#Diagramming challenge No. 1 (sentence and answer)

At the recent ACES: The Society for Editing conference, I gave a session on diagramming sentences. It was during the last session period of the conference, on a sunny Florida afternoon, and more than 100 people packed the room to learn, or refresh their memories, about sentence diagramming. (We’re talking about the classic “Reed-Kellogg” method…

‘Bleaching’ the vibrancy out of words

English has a whole category of words called “contronyms” — words that have opposing definitions, such as “cleave” meaning both join and cut apart,”sanction” meaning both allow and prohibit, and, to the consternation of many of us, “literally” meaning both actually and figuratively. (See more contronyms at Mental Floss and Daily Writing Tips.) But English…

Don’t sweat it: Due to / because of

Earlier this year, I gave a presentation called “Sweat This, Not That: Real Rules vs. Grammar Myths” at the American Copy Editors Society national conference. The point of the presentation was that it’s easy for editors to get hung up on “rules” of language that are nothing more than peeves, shibboleths or outdated rules –…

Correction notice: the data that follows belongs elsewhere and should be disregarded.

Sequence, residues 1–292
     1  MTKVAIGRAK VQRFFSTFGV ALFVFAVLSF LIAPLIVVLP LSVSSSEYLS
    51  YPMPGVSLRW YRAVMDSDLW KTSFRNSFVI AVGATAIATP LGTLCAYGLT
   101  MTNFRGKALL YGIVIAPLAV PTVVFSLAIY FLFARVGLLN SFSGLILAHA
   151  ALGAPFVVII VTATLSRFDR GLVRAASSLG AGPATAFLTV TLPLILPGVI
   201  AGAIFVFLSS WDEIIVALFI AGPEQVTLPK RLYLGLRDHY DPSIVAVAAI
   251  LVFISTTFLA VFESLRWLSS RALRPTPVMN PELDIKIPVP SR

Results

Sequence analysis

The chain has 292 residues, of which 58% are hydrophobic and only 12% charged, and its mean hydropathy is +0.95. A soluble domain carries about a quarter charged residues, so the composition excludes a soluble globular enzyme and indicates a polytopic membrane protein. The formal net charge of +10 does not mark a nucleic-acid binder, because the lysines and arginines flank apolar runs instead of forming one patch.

Comparatives and superlatives

Originally posted on Grammar Monkeys on June 9, 2011. Two recent related questions prompted this post: one on whether “funner” is a word, and one on “stupider” vs. “more stupid.” (Thanks, @kellidubya and @joshwood) These forms are called comparatives: adjectives that, as the name implies, indicate a comparison between two entities, times, states of being,…

Which one? What kind?

Originally posted on Grammar Monkeys on Dec. 6, 2010. Which” and “what” each have more than one function in English, but what we’re talking about in this post is when they’re used as interrogative adjectives, that is, in front of nouns in a question: Which theater did you say that movie was at? What show…